By Michael Keening

Software can become quite a jungle. What type of tools do we use in the real world, and can we use these ideas for software as well? With a Cognitive map we make a birdseye view which is top-down. Based on some properties, you know where you are on the map. Another theory is cognitive landmarks. Instead of a birdseye view, you take snapshots, and navigate based on these landmarks in your mind. Humans cannot really describe what and how we think. Experiments on rats show that they navigate via landmarks.. Humans also navigate best using landmarks. So, how can this help us design better architectures? We need alternatives for architectural cartography. How about landmark snapshots, telling stories and living in our architecture?

First on cognitive landmarks. What could these be in our architecture? A first observation is that patterns are landmarks. For example, in layers one on top of the other has some meaning that everybody uses, even in gesturing (data is stored down here). Another landmark could be to show people where their contribution fits in the overall picture. Heatmaps are also a form of landmarks. Views should create relatable reference points.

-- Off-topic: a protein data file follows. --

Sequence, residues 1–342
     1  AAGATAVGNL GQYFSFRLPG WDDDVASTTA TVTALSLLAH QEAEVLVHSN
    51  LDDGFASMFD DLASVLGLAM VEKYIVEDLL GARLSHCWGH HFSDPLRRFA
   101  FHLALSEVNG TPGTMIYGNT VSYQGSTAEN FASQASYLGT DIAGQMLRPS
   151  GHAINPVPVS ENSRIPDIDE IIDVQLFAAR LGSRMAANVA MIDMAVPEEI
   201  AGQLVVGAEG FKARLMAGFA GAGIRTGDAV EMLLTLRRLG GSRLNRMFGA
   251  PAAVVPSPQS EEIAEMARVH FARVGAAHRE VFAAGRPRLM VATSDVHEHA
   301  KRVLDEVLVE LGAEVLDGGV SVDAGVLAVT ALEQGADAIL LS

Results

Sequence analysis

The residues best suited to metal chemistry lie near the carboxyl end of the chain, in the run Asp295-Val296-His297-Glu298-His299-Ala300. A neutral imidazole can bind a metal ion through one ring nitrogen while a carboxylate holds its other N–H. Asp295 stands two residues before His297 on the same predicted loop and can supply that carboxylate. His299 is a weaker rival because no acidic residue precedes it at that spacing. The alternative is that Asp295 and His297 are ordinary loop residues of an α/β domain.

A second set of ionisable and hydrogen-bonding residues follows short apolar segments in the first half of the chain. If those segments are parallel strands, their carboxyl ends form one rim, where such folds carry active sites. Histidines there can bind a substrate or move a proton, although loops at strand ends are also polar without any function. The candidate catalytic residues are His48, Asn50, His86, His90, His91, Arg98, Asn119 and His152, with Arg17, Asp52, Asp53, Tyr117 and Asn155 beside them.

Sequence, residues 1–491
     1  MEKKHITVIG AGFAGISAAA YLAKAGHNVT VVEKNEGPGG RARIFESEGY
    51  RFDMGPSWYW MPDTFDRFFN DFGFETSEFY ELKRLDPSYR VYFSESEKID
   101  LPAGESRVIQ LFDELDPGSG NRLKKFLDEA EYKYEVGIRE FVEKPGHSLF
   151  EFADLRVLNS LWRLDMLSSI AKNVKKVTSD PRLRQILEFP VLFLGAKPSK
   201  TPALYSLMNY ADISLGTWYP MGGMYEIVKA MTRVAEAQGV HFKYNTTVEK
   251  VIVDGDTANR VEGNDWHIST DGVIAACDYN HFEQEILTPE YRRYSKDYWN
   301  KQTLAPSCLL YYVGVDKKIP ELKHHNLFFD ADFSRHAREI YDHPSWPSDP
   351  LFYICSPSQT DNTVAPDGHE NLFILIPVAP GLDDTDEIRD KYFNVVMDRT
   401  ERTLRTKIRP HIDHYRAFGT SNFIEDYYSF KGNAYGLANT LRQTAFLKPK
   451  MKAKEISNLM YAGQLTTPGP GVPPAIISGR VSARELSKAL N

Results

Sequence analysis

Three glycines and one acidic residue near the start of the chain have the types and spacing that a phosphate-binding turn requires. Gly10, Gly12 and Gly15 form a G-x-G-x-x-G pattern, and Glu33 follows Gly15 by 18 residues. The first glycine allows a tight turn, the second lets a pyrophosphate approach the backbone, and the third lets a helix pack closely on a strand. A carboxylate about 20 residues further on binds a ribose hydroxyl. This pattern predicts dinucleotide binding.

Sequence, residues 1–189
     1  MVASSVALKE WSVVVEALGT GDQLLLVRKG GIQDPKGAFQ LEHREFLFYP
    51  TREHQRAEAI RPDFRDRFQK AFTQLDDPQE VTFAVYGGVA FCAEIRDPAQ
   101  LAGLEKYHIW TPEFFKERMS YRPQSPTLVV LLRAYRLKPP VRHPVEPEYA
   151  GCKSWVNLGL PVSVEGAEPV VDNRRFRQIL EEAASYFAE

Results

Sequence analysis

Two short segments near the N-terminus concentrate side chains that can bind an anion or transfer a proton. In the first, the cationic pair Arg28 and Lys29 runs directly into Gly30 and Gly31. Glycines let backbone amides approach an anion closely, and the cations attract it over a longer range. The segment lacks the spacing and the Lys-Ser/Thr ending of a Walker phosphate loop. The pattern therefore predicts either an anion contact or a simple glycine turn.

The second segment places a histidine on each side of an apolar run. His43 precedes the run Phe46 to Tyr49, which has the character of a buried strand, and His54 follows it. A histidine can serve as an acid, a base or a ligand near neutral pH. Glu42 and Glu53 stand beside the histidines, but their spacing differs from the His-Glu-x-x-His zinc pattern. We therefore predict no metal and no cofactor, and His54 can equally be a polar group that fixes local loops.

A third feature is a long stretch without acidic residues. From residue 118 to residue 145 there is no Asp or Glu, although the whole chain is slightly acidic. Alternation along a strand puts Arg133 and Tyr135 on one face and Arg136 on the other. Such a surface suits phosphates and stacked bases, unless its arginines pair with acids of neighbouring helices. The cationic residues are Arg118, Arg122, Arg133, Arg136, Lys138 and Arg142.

Next on leaving traces. A trace is a visible mark left by the passage of a person or animal. Signs are good examples of traces, but also the footpath itself. Architects leave traces as well. For example in the code, but also in naming, comments (the why, not the what), tests, version history and domain-centric design. Those are examples of natural traces, that – with a little good will – are easy to employ.

Another technique he proposes are ADRs. an Architecture Decision Record is a short text file in a format similar to an Alexandrian pattern that descirbes a set of forces and a single decision in response to those forces (Michael Nygard) (Keeling, 2018). Training the developers with ADRs made people in the project more involved in the design (and hopefully that leads to fewer flaws).

Another aid is story telling. This means that they use the whiteboard a lot. Really a lot. They sketch, take turns, and follow traces. Another remark is that arhcitecture oral history collapses without a team to keep it alive. So, one should keep the history alive!

Living in your architecture. For example, having an open office space with designated teams, you can observe who are meeting together, talking together. That’s one way to make architecture real. Other ideas would be to make it tangible, e.g., like physical atoms in chemistry you can use, or 3D print the architecture. How about using VR to learn and experience an architecture? A good call for ArchitectureCity 🙂


ECSA 2018: Finding our way in the software wilderness